The 1898 building forms a portion of the large facility we now enjoy. The original building consisted of the section that houses the narthex and part of the sanctuary. Over the years the building has been renovated, changed, added to, rebuilt, modernized, and adapted just as our congregation has grown, changed and adapted to different times and needs. The original church building and its additions are in the Romanesque Revival style popular in the late 1800s.
          Constructed of red brick and stone, the building gives a sense of solidity and permanence which reflects the strength and purpose of this congregation for 200 years, just as it has served as a beacon of love and hope for all in our community. Since the handsome 1898 structure was erected, our church body has grown and prospered and our ministries, programs, needs and people have changed. Accordingly, our building has grown and changed to accommodate the times and to give us a center from which to serve God and the community. Over the years, several lots have been purchased that allowed for building and parking expansion. In 1925, a pipe organ was installed in the church and a west wing was added.
          By the 1980s , it was clear that additional space was needed, not only for the sanctuary, but for Sunday School classes, a larger social hall, office space and other modern purposes. Various options were advanced and discussed. Should we expand the church building or should we move to another location?
          After a great deal of discussion, prayer, and planning, it was decided to remain in our downtown location and renovate and enlarge the church building. The addition increased the length of the sanctuary, almost doubling the number of people who could be seated . The interior was meticulously designed to retain the same style and character as the existing sanctuary. The oak paneling was carefully removed and replaced in the new addition and new paneling was carefully matched to the old. Steps were installed to the balcony and to the basement. And, a new much larger and more convenient social hall was built under the sanctuary addition.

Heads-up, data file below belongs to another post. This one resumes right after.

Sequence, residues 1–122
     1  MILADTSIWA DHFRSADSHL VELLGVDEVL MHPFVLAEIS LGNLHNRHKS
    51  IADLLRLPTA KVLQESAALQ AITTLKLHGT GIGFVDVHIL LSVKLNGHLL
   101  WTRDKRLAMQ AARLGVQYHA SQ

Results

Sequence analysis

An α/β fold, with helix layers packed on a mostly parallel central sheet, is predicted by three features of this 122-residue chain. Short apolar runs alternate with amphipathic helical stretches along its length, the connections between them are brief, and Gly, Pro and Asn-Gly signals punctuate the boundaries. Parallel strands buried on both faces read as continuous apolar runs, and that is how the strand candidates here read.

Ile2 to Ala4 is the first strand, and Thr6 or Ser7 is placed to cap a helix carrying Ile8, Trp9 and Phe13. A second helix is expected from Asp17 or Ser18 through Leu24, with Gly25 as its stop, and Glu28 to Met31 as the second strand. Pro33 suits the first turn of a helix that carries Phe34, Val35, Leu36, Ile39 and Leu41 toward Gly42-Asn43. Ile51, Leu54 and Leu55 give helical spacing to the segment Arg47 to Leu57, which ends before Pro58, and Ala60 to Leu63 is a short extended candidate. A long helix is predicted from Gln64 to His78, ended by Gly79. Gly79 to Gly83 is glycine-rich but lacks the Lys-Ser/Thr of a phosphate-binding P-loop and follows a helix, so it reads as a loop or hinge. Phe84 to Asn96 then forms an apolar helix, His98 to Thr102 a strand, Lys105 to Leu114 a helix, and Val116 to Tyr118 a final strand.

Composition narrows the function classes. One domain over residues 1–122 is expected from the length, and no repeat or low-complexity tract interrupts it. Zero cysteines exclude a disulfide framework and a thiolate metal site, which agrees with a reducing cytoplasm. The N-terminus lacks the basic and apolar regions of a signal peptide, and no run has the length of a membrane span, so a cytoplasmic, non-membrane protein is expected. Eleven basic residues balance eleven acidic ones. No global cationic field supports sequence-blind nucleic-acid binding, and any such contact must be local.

The renovation was completed in 1983 with a consecration service held on October 2, 1983. Subsequent renovations added office and classroom space, and replaced the old assembly room. These renovations served Trinity well but continued growth in attendance and in our programs increased our need for additional facilities to serve Trinity and the community.
          In the early 2000s, we embarked on an ambitious building program to better serve our congregation and to support our increasing emphasis on reaching into the community and providing a center from which to serve its needs. It is our desire that Trinity be constantly used by members and friends for good purposes. In 2004, we added the Family Activity Center (FAC), additional Sunday School space, meeting rooms, additional space for our music ministries, and other renovations, including an elevator from the first floor to the basement area. These improvements have fostered growth in many of our ministries and they have made Trinity a true community center – a place of many coming together for worthwhile activities for the whole community. The late Jamie Heptinstall recorded in photographs the progress of this long needed addition to our church.